All reviews are written by Cappies student critics and edited by Cappies adult mentors prior to publishing.
The height of British wit and upper-class satire, Blithe Spirit, written by Noel Coward, was presented by the small but talented cast of Mount Vernon High School. Initiating the genre of supernatural comedy, Blithe Spirit premiered in the West End in July of 1941, and has been adapted numerous times, to include a musical version called High Spirits.
Society gentleman Charles Condomine and his wife Ruth invite a medium to conduct a séance in their home, in order to gather material for Charles’ novel. It ends up inviting more trouble than they anticipated when Madame Arcati really does make contact with the other side, and summons the ghost of Charles’ first wife, Elvira, who is visible only to him.
Charles and Ruth Condomine (Jerry Halstead and Emily-Anne Murphy) were smooth and steady in their dialogue and diction. The members of the household, living and dead, were comfortable on set, treating it as their rightful home. This served to add to the rivalry between Ruth and Elvira for not only a place in the household but also a place at Charles’ side.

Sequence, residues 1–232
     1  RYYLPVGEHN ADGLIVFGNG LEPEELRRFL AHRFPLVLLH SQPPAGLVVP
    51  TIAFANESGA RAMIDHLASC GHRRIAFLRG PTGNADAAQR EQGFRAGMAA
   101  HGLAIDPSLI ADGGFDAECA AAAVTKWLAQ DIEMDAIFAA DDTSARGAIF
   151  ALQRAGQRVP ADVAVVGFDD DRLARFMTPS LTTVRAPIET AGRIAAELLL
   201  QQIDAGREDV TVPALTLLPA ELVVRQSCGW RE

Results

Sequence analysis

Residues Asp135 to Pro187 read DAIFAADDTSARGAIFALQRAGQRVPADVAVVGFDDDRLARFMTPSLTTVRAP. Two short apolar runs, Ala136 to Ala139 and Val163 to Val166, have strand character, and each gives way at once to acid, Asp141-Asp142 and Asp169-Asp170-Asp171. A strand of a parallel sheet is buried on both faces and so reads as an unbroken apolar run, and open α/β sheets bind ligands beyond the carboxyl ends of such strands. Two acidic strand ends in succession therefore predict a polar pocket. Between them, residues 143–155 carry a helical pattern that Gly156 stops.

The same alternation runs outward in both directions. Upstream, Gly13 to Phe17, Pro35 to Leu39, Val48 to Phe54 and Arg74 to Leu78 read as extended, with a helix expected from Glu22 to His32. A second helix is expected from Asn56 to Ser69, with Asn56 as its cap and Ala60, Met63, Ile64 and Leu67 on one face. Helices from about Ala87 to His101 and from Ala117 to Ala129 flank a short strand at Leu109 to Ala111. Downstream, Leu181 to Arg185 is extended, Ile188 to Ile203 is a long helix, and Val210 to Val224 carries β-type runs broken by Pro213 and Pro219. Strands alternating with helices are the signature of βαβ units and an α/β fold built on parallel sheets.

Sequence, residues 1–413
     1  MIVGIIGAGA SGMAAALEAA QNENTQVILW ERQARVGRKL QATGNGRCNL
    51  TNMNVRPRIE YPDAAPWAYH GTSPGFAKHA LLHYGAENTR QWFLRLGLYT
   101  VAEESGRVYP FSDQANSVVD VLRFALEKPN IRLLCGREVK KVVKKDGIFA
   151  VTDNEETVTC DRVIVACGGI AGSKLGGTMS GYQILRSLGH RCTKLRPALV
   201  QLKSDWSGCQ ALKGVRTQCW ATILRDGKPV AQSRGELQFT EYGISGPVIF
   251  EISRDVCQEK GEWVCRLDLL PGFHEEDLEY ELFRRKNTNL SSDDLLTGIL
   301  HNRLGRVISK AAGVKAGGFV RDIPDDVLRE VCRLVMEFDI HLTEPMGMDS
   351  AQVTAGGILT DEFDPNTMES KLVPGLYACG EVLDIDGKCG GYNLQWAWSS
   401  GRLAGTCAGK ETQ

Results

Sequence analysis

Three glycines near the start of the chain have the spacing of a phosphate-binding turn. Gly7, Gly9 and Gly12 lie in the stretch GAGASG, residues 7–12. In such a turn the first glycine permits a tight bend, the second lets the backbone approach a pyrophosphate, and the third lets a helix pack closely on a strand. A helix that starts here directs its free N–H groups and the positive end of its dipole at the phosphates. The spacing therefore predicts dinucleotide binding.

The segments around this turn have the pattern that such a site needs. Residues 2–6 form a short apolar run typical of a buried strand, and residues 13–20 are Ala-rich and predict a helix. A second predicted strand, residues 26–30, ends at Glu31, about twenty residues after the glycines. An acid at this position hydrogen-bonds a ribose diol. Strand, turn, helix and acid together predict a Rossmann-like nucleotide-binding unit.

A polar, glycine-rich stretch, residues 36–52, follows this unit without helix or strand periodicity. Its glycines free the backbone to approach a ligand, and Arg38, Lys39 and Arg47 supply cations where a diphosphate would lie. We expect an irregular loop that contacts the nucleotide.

Mrs. Arcati, the medium, grew more exuberant as the scenes progressed, reflected by her increasingly eccentric costumes. One of the most memorable characters in the play was that of Edith, the fretful maid, played by actor Kodie Odalato in a Monty Python-esque style of a man in a woman’s role. This has been a frequent choice in adaptations of the play, going back to its second run, and it was certainly a marvelous success in this one.
The set was spacious, the decorations and props were thoroughly researched and completely accurate, to include a telephone, cocktail bar, cuckoo clock and gramophone. Costumes, likewise, were well researched and fit the time and place as well as they did their characters. There were some minor fluctuations with the microphones, but overall the sound system was effectively managed. However, many lines were lost through a combination of speed, volume, and lack of enunciation.
Theatrical tradition asks for viewers not to share the ending with those who have not witnessed it, but it must be said that the Mount Vernon players pulled the conclusion off admirably.